It has enabled the Festival to plan for the future including a new theater building because the Court House is rented space moved into for only part of the year, and the Royal George is cramped with no lobby.
The Festival is a major seasonal economic engine for the region with a $28.6 million annual budget in Canadian dollars and an estimated $70-$100 million impact on the region. It sells about a quarter-million tickets annually — about a third to patrons from the United States. The 600-700 employee payroll contains artists and craftsmen through the bulk of the season and a crew of administrators, clerical staff, groundskeepers and the like year-round, plus an army of unpaid volunteers.
The acting troupe of about 70 people includes interns, newcomers and veterans who return year after year, drawn by the decidedly ensemble nature of most of the works and the ethos of the company. The program bio of Peter Millard of You Never Can Tell cites 55 productions over 29 seasons. Almost all are Canadians with unusually polished skills who work elsewhere across the country and sometimes in northern U.S. cities like Chicago. “We have bench strength,” Maxwell quips. Some multi-talented people act and direct in the same or subsequent seasons. The Shaw offers continuing training for the professionals and interns during their stay. Since the schedule slips show in and out of the mix every few weeks, some actors show up in January and some don’t leave until November. But virtually everyone plays at least two roles during the season, demonstrating the kind of range that Maxwell calls bi-polar. The parlor maid on The Twelve-Pound Look is played by Harveen Sandhu who was Liza in Pygmalion the night before.
Its scope in every area is somewhat more modest compared the older, better-financed grande dame Stratford Shakespeare Festival. But there’s a more laid back sense like an amiable stroll tinged with intimacy and manageability suffusing the experience.
A Sylvan Setting
That flows to some degree from its location. If the Festival is the gem, it’s the picturesque ambience of Niagara-on-the-Lake that seals the deal.
The town of 15,000 sits where the gorgeous Niagara River flows into Lake Ontario. The destination is about a 50-minute drive directly north of Buffalo, 20-30 minutes north of Niagara Falls, 2 hours southwest of Toronto and a 2 ½ hour drive from Stratford.
While the town was founded in the 1700s, much of it was destroyed by we Americans during the War of 1812. They don’t seem to hold a grudge. Just bring dollars. As a result, the town’s older buildings date back to reconstruction during the mid-1800s. What’s been built since, especially in the past 60 years has labored to maintain that feeling.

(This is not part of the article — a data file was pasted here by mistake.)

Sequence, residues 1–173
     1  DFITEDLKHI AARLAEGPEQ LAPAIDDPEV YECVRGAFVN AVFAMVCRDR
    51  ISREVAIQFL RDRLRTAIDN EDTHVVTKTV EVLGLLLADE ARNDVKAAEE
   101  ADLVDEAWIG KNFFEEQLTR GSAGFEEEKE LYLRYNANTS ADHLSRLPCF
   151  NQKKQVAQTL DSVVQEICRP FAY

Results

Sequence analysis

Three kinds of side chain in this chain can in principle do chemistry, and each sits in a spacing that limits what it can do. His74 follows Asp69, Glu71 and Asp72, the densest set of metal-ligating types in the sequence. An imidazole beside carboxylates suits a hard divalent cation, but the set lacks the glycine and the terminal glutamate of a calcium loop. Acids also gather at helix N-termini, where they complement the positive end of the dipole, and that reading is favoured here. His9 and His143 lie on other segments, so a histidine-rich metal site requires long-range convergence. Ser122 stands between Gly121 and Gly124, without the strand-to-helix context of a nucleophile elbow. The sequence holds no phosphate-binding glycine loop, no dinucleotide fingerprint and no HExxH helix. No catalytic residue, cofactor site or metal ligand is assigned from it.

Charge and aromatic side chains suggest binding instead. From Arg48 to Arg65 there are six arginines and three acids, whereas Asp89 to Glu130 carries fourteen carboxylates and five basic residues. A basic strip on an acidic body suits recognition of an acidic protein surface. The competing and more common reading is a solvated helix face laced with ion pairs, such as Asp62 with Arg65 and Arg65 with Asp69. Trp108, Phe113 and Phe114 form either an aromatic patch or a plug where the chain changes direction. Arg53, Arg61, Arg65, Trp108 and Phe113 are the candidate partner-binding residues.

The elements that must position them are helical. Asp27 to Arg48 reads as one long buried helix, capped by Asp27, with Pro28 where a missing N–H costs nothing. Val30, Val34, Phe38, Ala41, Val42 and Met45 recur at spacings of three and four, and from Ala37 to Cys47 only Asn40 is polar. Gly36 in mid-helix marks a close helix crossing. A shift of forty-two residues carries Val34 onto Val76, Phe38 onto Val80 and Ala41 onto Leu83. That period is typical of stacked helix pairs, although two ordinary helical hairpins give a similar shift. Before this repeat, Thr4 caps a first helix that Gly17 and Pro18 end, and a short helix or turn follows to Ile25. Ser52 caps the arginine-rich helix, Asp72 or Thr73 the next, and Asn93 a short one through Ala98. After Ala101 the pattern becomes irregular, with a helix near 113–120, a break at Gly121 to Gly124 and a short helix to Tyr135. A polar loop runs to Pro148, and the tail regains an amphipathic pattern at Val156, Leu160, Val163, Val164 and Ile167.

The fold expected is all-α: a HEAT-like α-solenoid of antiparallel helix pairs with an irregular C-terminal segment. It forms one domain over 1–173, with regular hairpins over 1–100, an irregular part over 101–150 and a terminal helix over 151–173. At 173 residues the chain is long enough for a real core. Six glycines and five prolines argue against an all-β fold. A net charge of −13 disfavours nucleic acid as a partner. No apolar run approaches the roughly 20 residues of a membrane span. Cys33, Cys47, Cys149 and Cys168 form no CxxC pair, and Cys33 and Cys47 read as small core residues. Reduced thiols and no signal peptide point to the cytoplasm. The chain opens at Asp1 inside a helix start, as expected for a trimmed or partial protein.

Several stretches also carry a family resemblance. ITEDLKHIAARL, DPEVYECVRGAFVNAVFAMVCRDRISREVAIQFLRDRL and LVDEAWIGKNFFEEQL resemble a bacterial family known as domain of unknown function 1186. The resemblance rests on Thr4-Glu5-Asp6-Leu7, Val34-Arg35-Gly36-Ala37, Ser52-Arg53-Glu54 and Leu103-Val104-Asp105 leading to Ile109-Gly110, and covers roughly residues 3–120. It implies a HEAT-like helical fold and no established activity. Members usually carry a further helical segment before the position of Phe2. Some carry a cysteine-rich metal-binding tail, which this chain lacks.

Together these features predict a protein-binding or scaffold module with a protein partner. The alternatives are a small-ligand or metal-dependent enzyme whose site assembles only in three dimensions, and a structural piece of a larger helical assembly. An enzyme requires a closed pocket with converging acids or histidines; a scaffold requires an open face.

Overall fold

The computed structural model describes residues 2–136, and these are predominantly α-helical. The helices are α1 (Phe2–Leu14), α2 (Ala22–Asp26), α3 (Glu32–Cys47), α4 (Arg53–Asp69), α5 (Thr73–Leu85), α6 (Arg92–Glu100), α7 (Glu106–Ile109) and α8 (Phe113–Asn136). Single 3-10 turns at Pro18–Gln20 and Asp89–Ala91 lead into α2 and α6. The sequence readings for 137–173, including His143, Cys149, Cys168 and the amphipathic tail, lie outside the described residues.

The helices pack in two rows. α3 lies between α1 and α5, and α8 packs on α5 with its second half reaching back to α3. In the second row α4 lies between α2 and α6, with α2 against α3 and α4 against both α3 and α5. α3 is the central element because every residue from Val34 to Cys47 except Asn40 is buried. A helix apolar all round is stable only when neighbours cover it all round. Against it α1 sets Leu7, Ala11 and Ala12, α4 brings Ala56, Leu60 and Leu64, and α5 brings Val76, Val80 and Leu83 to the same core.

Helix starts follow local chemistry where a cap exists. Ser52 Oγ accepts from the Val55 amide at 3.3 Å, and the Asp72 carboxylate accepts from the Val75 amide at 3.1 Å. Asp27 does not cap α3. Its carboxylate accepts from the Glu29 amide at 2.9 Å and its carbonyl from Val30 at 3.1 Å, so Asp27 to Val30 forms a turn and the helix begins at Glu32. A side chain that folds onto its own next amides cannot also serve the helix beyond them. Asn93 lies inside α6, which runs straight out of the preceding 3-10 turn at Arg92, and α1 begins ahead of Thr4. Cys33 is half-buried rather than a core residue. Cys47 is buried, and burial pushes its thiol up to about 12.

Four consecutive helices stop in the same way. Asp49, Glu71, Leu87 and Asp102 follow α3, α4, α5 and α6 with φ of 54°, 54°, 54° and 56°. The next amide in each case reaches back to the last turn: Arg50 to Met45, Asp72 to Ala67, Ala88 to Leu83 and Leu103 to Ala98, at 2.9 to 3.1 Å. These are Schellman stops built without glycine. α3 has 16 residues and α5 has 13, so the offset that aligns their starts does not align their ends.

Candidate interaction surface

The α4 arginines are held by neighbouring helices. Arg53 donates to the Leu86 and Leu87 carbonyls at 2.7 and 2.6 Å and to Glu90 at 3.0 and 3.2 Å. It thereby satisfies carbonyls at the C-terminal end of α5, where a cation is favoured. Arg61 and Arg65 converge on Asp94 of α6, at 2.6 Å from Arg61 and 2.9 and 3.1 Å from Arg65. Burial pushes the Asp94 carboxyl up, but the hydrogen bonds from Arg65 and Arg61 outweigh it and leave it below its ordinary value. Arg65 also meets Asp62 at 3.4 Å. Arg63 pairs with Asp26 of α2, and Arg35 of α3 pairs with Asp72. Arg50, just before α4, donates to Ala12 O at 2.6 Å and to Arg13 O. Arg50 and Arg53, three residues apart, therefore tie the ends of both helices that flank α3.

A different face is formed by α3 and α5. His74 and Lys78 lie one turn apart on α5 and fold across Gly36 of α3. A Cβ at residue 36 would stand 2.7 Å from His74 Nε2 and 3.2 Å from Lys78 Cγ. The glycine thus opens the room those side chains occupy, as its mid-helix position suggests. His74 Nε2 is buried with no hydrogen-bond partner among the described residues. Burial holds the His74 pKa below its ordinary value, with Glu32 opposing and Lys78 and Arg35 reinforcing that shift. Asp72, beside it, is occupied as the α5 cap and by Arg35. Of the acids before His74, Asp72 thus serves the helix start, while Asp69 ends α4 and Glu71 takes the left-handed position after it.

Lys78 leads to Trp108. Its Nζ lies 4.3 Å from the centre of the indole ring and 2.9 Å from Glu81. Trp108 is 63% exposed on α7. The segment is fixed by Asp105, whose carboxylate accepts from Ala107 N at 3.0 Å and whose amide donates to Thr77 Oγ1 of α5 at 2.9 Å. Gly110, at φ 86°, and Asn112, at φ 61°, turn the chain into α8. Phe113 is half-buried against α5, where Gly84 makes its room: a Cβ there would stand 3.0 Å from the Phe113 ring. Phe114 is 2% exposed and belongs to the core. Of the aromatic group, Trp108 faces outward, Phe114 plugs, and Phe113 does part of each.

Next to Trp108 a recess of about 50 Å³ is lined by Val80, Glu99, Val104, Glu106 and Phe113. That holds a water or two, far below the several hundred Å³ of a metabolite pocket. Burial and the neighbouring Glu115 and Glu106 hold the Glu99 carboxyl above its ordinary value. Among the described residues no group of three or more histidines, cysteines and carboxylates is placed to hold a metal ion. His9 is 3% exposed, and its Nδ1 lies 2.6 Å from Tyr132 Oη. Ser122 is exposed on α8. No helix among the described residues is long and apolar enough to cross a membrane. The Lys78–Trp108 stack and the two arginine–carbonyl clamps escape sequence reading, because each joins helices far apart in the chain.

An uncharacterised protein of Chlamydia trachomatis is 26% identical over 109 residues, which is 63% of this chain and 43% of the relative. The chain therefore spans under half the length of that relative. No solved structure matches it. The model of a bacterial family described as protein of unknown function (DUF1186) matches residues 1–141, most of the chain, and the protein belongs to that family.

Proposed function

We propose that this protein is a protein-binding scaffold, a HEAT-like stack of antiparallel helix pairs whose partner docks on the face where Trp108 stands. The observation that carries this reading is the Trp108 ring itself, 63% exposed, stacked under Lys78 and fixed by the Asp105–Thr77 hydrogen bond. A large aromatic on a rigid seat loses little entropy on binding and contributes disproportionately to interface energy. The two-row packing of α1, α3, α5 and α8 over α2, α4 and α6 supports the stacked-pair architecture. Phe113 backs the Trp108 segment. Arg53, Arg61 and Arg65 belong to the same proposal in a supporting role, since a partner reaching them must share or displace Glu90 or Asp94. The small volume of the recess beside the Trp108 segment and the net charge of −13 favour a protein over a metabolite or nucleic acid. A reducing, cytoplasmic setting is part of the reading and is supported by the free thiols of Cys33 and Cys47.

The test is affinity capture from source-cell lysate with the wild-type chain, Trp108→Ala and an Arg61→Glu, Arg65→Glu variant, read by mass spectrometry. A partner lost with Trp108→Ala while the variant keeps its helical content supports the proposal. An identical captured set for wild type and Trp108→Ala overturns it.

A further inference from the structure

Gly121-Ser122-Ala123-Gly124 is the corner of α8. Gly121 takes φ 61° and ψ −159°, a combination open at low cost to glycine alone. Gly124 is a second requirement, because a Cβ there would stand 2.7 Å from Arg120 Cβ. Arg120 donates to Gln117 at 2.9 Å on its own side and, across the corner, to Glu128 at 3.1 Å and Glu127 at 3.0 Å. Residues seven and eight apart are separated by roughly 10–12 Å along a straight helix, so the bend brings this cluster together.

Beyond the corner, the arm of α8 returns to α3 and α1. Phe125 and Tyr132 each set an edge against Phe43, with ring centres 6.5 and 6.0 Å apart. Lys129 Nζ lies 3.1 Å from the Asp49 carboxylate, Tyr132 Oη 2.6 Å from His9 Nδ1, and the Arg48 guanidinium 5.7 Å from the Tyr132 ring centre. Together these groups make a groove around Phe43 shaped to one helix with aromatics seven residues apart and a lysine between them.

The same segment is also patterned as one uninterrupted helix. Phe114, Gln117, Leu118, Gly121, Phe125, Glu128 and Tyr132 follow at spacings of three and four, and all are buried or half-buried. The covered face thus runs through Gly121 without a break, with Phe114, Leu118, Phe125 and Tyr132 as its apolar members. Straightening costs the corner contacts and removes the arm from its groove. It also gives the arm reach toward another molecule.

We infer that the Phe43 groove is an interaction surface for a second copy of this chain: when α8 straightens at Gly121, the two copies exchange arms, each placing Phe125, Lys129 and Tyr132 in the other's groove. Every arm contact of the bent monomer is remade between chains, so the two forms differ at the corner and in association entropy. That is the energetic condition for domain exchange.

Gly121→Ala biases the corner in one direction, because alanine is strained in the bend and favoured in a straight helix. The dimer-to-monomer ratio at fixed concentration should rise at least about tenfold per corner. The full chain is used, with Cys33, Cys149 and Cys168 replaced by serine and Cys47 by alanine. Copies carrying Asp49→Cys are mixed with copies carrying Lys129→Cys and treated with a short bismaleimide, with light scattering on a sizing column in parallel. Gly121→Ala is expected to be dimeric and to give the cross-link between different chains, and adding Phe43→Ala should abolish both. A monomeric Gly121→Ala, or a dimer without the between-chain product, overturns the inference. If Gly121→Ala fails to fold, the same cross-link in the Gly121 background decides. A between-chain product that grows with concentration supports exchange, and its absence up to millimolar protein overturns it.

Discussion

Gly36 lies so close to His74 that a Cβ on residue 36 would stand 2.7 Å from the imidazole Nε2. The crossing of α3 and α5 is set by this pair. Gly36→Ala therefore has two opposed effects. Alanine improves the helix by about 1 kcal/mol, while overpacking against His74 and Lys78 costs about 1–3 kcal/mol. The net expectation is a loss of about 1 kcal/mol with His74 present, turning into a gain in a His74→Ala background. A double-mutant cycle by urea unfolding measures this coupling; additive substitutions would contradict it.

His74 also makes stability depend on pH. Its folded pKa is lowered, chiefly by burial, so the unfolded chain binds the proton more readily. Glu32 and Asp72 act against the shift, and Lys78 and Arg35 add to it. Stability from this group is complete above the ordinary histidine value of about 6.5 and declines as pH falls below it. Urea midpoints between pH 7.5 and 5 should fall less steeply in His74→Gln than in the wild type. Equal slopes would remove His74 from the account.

The city council must spend a large percentage of its budget on immaculate landscaping that makes the entire town feel like a turn-of-the-century park. The smell of hundreds of well-cultivated but rioting flower beds are sometimes overcome from the wafting aroma of an ice cream parlor.
The gentle bucolic pace is reinforced by the fact that most people walk everywhere. Others use Segways, scooters and even bicycles to traverse the town, venture into wine country or explore miles of paths along the river.
With the Festival’s main theater on the east side of town, the rest stretches a few blocks north and south along eight blocks or so of Queen Street. That main drag is lined with quaint galleries, bakeries, restaurants and stores selling gifts, books, ice wines, art and fashions. Nearly everyone will ship across the border, except for wine.
The region’s unannounced industry is tourist housing with several show-and-hotel packages offered through the Festival. The area is dotted with small hotels, country inns, bed & breakfasts, rental properties, and luxury hotels like the glorious Prince of Wales. This collection of three adjacent hotels centers on the structure built in 1864, expanded since 1975 and thoroughly renovated in 1988. It combines Victorian décor dominates virtually every square foot, but has most conveniences of a modern hotel secreted away. The price is a bit steep but it’s a luxurious experience. In fact, it’s a tourist town and everything from food to tchokes is a tad higher than you expect.
Aside from the wineries and a few tourist oddities, the Festival and the town’s shopping district are the primary attractions. But across the street from the Festival’s headquarters is a sprawling recreation of the 200-year-old Fort George where costumed characters roam, including a fife and drum corps.